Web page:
Some people have Franklin Planner-type brains, and can manage their schedules by nature. Some people can afford Franklin Planners, and manage their schedules by will. And then, there's the rest of us.
I used to be better about remembering things. Back in college, I didn't use a planner at all. When I was teaching high school, I made do with a dry erase marker board, the "month-at-a-glance" kind. When I took up space in an office building, I had Outlook ping me a few days before something needed done. And when I graduated to Home Management, I kept track of this and that on Post-It notes.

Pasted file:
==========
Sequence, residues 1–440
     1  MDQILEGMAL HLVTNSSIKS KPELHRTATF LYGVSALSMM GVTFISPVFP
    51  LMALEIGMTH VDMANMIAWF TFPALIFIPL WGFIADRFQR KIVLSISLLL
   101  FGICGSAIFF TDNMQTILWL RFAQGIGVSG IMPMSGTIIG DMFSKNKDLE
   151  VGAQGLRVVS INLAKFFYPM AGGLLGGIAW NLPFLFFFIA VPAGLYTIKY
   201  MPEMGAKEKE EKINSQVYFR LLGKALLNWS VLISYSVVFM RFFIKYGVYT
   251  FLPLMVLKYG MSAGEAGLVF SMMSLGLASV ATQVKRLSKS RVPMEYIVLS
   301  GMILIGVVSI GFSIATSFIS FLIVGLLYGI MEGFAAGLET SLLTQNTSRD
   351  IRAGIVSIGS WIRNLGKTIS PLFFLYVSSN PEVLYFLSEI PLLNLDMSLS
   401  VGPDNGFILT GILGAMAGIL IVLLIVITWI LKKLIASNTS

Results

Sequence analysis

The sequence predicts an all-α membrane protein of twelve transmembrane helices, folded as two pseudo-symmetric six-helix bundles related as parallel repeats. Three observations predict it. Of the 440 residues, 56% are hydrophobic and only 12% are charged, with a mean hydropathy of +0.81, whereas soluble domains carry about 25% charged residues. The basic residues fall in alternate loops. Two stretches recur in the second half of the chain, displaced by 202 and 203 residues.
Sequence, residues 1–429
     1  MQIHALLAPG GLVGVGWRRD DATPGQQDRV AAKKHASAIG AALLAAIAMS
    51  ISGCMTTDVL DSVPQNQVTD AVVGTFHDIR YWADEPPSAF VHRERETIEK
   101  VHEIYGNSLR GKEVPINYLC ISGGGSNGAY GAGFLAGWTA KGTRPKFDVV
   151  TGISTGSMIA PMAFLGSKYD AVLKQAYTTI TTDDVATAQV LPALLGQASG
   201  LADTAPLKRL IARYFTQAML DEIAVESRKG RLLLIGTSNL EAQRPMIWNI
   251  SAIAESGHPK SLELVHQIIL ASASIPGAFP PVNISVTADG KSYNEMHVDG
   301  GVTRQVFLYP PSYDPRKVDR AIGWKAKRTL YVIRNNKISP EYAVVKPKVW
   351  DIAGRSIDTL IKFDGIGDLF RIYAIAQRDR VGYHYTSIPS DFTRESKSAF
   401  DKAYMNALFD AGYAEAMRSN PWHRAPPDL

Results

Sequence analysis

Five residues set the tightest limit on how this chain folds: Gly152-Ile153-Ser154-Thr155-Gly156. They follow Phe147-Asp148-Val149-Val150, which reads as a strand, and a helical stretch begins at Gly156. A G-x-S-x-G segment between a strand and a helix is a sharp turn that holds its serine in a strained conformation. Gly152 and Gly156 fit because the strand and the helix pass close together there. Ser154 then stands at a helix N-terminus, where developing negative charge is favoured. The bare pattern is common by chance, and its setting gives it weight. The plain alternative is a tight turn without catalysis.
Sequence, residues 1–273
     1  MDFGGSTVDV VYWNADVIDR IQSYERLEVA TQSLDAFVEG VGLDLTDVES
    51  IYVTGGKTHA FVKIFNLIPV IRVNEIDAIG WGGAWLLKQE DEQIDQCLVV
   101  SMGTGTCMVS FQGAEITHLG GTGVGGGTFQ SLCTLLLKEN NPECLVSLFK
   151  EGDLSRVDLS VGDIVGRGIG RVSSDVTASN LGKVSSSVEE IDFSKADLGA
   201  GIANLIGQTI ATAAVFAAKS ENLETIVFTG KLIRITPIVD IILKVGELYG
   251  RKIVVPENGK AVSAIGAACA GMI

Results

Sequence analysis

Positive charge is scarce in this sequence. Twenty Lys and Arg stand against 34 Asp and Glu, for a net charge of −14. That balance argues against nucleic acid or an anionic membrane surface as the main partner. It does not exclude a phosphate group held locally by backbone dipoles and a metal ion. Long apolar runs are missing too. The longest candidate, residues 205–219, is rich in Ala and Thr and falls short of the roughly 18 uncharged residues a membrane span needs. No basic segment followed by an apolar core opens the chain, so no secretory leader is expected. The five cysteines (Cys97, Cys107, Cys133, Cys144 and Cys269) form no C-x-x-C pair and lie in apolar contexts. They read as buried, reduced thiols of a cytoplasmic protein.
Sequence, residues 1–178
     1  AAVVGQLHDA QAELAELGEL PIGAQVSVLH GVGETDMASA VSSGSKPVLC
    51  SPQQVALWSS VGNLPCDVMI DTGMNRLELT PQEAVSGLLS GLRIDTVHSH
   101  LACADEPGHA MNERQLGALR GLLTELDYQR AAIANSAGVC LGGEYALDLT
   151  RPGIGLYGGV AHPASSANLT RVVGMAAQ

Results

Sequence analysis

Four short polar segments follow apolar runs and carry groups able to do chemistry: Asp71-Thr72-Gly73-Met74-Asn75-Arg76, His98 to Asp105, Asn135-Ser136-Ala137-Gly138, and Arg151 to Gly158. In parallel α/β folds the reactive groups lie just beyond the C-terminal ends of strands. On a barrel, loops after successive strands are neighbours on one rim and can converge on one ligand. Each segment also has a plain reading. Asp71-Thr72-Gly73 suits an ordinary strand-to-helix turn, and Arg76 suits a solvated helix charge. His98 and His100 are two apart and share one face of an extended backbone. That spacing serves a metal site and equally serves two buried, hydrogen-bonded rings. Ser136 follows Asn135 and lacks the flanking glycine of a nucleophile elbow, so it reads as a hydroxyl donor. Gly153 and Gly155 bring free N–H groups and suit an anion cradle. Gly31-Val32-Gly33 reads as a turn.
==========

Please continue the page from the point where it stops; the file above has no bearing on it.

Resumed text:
But now I'm four kids into this gig. My Post-Its are all covered in breakfast cereal, Outlook is in the basement, and someone ran over my dry erase board with his tricycle. All that, and I'm getting soggy around the hippocampus: A couple of months ago, I forgot all about the Ladies Aid summer picnic. I was supposed to take the potato salad. I don't know which level of Hell I'm destined for, but it's sure to be filled with mosquitoes and empty ketchup bottles.
Don't let it happen to you. Do what I did and should have done ages ago: Get one of these.
I really like mine. The number one selling point of the BusyBodyBook around here is its columns. I keep my tasks in the first column, my two homeschool-aged kids' tasks in the second and third, and Dad's schedule, insofar as it impacts me, in the fourth. Column five is for meal planning. Ta da! It's almost too easy. I mean, I haven't forgotten anything of any real consequence in weeks!
Plus, it's bound with plastic covers--very good at repelling milk. And mimosas.